Sealing With Oil (Linseed, Tung, Etc.) Followed By A Wax or Water Base Acrylic Coating Has Been Recommended. Is This Ok?

The technique of "filling" a tile with oil so that it can support a wax or acrylic coating has been popular for many decades. It is no longer widely used, but is still done in some areas.

The oil coloration effect and wax luster are quite attractive, but do not last. The wax requires a high level of maintenance and the oil with its coloring effect dissipate over time. Also, this technique does not impart any of the other benefits to flooring achieved with Aldon sealers.

Some of the reasons for not using this "old method" include:

  • Oil dries out and the appearance changes
  • Modern sealer applications after this are done but can be problematic
  • Bacteria growth has occurred in these floors
  • The look is temporary and requires high maintenance to maintain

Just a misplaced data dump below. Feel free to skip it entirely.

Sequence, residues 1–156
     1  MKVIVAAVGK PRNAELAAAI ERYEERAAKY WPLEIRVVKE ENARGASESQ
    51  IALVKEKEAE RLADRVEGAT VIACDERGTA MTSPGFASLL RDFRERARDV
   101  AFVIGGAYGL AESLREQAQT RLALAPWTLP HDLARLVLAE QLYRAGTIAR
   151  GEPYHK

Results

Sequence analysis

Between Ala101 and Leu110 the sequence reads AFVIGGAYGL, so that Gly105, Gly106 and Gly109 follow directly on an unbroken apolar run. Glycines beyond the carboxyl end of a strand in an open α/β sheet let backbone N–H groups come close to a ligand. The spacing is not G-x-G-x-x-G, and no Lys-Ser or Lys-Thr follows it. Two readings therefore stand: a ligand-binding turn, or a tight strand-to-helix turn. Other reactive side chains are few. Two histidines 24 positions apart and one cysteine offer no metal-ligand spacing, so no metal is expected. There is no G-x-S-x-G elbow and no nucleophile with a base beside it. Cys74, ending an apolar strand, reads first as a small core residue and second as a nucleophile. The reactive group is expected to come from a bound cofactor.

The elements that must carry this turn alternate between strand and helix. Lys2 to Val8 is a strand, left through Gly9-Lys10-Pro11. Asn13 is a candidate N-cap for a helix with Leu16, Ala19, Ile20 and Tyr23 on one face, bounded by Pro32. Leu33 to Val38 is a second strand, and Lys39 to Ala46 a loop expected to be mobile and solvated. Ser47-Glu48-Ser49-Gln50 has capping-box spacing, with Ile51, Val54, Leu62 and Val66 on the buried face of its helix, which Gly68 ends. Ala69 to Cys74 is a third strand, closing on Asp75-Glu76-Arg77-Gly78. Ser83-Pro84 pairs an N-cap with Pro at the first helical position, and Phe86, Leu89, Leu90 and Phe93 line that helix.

• In order to restore the oil volatiles that will be going into the atmosphere, the wax must be removed each time - at least once a year.
  • The soft tile remains unreinforced and therefore subject to chipping, lime pops, efflorescence, traffic wear.

When a floor has been oiled - the risk of problems is higher than we like to see. The oil dries out over time and leaves thick residue under the surface. A solvent based sealer will reliquefy the oil and it can rise to the surface, causing dark patches. A water based sealer has the problem of bonding well with oil present.

However, you do need to create a good seal job. Use one of Aldon's solvent based sealers, but test a small area, test a larger area, and be aware as you proceed that the oil present will be highly variable.